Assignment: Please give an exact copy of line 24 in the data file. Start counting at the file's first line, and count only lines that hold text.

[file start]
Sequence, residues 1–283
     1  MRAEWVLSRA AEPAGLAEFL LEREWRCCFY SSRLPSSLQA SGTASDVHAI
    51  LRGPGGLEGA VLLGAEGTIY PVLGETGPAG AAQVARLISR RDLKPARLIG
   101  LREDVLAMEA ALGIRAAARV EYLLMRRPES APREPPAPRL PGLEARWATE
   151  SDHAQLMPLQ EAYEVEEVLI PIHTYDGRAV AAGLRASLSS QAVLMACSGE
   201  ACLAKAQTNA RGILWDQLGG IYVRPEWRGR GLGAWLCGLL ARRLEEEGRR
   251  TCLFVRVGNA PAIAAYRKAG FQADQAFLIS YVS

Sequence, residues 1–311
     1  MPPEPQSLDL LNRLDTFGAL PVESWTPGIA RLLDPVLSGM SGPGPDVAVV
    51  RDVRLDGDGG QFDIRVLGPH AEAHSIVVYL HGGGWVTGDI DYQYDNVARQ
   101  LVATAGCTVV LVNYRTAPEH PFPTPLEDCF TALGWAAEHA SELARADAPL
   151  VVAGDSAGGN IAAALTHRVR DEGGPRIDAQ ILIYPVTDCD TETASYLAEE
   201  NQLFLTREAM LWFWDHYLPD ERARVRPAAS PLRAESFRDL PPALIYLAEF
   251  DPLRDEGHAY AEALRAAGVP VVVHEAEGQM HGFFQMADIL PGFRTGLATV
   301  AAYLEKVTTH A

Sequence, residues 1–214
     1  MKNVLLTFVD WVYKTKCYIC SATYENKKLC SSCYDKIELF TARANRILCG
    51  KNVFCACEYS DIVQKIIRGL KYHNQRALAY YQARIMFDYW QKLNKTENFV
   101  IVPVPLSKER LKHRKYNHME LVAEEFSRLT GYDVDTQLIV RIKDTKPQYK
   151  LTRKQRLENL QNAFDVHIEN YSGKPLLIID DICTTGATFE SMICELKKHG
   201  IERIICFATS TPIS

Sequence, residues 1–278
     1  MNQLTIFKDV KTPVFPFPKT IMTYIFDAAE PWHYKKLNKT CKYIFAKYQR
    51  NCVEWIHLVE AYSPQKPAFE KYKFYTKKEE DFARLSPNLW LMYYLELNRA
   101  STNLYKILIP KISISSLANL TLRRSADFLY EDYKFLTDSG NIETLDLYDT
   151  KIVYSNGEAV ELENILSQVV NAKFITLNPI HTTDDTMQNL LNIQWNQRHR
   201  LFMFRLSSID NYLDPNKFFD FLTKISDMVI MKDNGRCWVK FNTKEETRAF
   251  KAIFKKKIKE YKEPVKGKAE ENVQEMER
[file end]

    51  NCVEWIHLVE AYSPQKPAFE KYKFYTKKEE DFARLSPNLW LMYYLELNRA